• Members of Advocates’ Girl Engagement Advisory Board, International Youth Leadership Council, and Advocates staff traveled to New York in March for the Commission on the Status of Women and again in April for the Commission on Population and Development. The team aimed to elevate the issue of adolescent and youth sexual and reproductive health and rights in these spaces and advocate with country delegations for progressive and inclusive negotiated outcome documents. In the meantime, negotiations for the post-2015 development agenda are ongoing. Advocates’ policy staff is working in New York and in Washington, DC to ensure that young people’s needs and rights are represented in the Sustainable Development Goals.

Federal Policy

  • On April 14th, the U.S. Senate passed a $200 billion package of healthcare funding legislation (HR 2), by an overwhelming vote of 92 to 8. HR 2 includes numerous health care provisions, including a two-year extension of the Personal Responsibility Education Program (PREP) at the current funding level, $75 million per year, through FY 2017. While we applaud the supporters in both the House and Senate for their continued support of medically accurate and evidence-based efforts to equip young people with the sexual health information they need and deserve, we are disappointed that this compromise bill package also included a two-year extension of the Title V abstinence-only-until-marriage (AOUM) program. Even more disappointing is that HR 2 actually increases funding for AOUM, bringing its annual funding to $75 million. An additional policy rider also requires unobligated Title V AOUM funds to be made available to states implementing programs that adhere to the A-H definition of “abstinence education”, instead of returning the funds to the general treasury as was done before. Advocates is incredibly disappointed and alarmed by the wasteful funding increase and extension of ineffective AOUM programs.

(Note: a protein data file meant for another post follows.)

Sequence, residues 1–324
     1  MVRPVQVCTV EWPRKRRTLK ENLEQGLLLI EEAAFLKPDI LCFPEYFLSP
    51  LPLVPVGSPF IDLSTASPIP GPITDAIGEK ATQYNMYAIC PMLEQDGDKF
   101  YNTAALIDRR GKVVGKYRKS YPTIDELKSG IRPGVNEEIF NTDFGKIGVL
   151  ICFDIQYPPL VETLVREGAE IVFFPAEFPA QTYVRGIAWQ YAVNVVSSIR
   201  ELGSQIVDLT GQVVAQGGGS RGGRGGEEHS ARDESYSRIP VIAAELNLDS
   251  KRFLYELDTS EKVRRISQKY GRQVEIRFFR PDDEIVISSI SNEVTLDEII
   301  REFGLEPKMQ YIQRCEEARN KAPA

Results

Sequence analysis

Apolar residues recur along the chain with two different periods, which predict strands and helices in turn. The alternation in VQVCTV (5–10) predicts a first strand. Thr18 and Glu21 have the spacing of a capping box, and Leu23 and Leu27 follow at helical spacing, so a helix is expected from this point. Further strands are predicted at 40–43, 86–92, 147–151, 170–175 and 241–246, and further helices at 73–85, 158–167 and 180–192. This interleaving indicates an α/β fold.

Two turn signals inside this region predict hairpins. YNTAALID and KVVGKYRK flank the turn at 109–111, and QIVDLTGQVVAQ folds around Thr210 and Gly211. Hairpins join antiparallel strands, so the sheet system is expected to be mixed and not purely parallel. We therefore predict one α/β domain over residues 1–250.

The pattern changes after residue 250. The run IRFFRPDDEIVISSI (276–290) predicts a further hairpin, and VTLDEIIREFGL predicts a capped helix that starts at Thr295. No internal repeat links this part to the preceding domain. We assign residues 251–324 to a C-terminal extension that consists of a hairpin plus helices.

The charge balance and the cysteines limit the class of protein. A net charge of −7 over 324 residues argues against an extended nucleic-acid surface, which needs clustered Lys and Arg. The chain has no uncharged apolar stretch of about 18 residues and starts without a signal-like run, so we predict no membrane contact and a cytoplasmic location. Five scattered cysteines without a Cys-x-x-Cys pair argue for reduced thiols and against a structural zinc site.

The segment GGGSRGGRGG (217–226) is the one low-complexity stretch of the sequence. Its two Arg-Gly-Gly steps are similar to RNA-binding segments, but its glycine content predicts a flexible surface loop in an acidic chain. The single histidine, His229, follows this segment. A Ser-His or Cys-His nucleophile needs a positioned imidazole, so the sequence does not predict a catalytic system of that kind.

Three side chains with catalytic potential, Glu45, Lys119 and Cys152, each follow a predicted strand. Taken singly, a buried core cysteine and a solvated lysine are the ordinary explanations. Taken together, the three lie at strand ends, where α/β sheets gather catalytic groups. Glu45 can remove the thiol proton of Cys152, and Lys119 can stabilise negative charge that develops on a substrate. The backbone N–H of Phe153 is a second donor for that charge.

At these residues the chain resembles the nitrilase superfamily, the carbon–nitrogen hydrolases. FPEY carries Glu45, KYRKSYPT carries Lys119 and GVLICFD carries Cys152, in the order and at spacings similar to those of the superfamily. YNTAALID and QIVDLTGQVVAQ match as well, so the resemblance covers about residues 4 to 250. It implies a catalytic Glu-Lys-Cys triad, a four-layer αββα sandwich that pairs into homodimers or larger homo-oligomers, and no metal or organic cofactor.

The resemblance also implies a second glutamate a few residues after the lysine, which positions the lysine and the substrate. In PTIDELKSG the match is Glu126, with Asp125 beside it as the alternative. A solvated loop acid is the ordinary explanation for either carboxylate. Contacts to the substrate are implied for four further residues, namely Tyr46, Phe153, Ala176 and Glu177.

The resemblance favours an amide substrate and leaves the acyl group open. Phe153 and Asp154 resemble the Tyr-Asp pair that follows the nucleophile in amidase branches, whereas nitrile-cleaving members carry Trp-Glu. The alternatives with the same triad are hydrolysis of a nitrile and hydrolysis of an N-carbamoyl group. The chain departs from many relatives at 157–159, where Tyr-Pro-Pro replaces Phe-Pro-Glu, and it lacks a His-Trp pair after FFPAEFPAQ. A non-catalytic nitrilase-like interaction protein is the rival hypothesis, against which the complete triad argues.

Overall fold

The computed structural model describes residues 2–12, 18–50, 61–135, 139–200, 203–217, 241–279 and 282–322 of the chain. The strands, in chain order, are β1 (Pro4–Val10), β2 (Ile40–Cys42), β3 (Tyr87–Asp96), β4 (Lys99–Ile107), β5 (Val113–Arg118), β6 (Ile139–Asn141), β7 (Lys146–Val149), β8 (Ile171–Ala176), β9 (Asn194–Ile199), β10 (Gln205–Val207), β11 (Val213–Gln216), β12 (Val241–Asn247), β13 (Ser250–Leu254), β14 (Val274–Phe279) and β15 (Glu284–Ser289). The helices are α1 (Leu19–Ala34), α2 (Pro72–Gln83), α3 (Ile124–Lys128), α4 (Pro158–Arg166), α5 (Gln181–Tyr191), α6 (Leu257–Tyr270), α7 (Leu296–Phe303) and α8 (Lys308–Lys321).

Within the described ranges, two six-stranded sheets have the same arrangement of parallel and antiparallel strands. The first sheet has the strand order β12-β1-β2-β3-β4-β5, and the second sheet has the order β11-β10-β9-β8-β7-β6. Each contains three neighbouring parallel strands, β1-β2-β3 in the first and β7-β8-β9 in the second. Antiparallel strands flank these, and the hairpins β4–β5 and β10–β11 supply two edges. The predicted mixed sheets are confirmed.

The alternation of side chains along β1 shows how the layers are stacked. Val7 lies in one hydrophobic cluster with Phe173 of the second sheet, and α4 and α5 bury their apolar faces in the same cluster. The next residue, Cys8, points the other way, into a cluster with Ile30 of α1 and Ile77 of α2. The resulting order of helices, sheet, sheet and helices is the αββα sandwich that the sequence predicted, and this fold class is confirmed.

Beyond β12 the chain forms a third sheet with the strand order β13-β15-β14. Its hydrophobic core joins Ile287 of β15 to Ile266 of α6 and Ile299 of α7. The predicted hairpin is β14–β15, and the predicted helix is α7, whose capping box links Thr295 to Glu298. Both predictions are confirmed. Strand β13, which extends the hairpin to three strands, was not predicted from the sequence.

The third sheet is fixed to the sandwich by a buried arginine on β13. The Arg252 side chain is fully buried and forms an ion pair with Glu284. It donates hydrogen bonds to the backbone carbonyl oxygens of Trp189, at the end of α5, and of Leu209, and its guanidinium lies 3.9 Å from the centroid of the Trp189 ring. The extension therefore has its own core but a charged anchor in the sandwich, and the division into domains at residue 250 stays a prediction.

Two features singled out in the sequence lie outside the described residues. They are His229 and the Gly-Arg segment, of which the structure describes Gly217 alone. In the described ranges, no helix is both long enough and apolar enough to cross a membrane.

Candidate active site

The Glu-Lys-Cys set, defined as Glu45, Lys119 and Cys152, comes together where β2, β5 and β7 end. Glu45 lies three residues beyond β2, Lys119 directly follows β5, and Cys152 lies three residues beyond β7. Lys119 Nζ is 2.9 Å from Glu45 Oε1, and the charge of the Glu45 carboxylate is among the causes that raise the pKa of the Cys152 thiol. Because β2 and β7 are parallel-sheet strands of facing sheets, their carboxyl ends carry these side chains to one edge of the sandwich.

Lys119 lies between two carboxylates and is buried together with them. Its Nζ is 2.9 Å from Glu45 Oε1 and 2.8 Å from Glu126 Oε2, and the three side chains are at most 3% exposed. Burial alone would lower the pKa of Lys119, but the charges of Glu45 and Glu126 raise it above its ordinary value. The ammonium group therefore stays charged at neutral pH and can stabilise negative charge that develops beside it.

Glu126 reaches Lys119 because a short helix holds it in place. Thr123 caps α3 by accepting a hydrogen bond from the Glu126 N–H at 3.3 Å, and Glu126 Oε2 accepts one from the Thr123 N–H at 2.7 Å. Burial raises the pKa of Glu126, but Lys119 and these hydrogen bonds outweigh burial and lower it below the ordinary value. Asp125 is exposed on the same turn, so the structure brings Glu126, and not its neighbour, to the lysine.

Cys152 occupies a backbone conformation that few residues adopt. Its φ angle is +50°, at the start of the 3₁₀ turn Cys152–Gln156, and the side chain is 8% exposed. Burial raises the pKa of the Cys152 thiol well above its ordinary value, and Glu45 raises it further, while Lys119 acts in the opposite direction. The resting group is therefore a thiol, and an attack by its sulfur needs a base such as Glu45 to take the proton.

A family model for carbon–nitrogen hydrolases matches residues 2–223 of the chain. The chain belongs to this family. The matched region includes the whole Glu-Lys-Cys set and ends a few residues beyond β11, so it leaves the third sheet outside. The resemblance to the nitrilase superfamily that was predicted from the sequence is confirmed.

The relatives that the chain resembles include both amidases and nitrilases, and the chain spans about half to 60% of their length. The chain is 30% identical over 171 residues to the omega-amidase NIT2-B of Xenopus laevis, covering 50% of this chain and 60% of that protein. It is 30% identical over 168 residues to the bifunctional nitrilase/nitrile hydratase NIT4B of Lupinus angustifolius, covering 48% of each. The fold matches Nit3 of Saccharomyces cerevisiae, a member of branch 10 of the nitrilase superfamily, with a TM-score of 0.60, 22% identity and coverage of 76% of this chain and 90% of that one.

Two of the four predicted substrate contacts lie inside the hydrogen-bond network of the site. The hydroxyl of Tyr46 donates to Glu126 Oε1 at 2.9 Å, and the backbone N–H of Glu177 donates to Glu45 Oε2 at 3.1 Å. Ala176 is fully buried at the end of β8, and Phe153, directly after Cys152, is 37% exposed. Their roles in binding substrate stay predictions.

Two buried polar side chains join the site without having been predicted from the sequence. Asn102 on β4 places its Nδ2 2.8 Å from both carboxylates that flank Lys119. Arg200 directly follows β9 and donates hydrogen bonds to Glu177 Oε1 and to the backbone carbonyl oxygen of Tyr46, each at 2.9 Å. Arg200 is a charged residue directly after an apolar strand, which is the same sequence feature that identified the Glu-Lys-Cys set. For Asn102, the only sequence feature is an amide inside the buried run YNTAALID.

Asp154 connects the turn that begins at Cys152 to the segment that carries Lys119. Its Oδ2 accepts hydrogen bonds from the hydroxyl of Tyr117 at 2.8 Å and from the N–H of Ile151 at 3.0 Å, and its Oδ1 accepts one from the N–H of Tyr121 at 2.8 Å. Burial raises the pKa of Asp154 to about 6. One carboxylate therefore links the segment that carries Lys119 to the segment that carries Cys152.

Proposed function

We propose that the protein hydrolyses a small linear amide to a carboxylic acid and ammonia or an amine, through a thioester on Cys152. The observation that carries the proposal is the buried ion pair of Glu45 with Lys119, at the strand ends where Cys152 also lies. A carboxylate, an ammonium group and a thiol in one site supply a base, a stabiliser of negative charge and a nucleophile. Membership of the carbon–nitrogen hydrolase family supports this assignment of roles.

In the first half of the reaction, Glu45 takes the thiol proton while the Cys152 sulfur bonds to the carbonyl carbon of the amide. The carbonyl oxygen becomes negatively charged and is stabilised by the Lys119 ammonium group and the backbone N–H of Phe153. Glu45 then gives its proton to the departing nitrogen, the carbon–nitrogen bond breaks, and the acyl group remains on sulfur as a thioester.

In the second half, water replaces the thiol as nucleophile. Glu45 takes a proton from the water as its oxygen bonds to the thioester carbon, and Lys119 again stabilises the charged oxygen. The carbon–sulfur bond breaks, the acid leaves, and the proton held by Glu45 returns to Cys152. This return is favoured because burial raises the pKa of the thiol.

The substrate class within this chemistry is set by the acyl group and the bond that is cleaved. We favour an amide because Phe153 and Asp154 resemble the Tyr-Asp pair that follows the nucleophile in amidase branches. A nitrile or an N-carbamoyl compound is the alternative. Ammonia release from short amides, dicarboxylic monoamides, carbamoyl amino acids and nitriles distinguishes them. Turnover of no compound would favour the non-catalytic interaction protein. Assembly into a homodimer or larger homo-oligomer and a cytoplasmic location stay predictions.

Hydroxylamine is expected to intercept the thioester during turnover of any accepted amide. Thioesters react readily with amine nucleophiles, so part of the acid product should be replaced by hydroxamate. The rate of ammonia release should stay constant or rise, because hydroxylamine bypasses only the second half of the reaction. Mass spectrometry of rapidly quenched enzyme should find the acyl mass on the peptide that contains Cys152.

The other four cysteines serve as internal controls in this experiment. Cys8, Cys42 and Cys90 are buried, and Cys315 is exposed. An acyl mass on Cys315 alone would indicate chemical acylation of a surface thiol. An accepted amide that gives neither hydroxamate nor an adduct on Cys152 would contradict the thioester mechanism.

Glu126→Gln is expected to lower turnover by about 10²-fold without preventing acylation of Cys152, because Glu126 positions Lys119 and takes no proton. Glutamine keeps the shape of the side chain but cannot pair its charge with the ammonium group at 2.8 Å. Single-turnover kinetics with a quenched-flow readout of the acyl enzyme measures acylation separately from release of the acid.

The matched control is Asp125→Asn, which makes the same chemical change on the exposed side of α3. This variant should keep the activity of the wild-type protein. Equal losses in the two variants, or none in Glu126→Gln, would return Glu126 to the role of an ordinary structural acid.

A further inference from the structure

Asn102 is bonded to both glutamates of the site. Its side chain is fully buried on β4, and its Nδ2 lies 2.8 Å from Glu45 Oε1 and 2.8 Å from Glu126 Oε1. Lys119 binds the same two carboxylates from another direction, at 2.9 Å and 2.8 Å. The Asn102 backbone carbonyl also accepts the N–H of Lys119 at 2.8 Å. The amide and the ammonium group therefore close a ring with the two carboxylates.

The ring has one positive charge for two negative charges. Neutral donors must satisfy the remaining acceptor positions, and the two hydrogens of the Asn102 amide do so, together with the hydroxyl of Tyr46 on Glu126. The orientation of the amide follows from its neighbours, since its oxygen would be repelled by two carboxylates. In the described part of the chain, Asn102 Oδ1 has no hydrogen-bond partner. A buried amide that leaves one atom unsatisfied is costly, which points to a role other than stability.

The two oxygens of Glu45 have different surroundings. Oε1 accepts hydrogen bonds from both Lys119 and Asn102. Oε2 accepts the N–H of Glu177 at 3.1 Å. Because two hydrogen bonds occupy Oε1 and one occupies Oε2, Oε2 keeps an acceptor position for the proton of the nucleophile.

• Advocates was pleased to work with Congresswoman Barbara Lee to reintroduce the Real Education for Healthy Youth Act (REHYA) (H.R. 1706), a bill that would push Congress in supporting a more comprehensive approach to sex education, and look forward to supporting Senator Cory Booker’s introduction of the Senate companion (previously S. 372) in the coming weeks.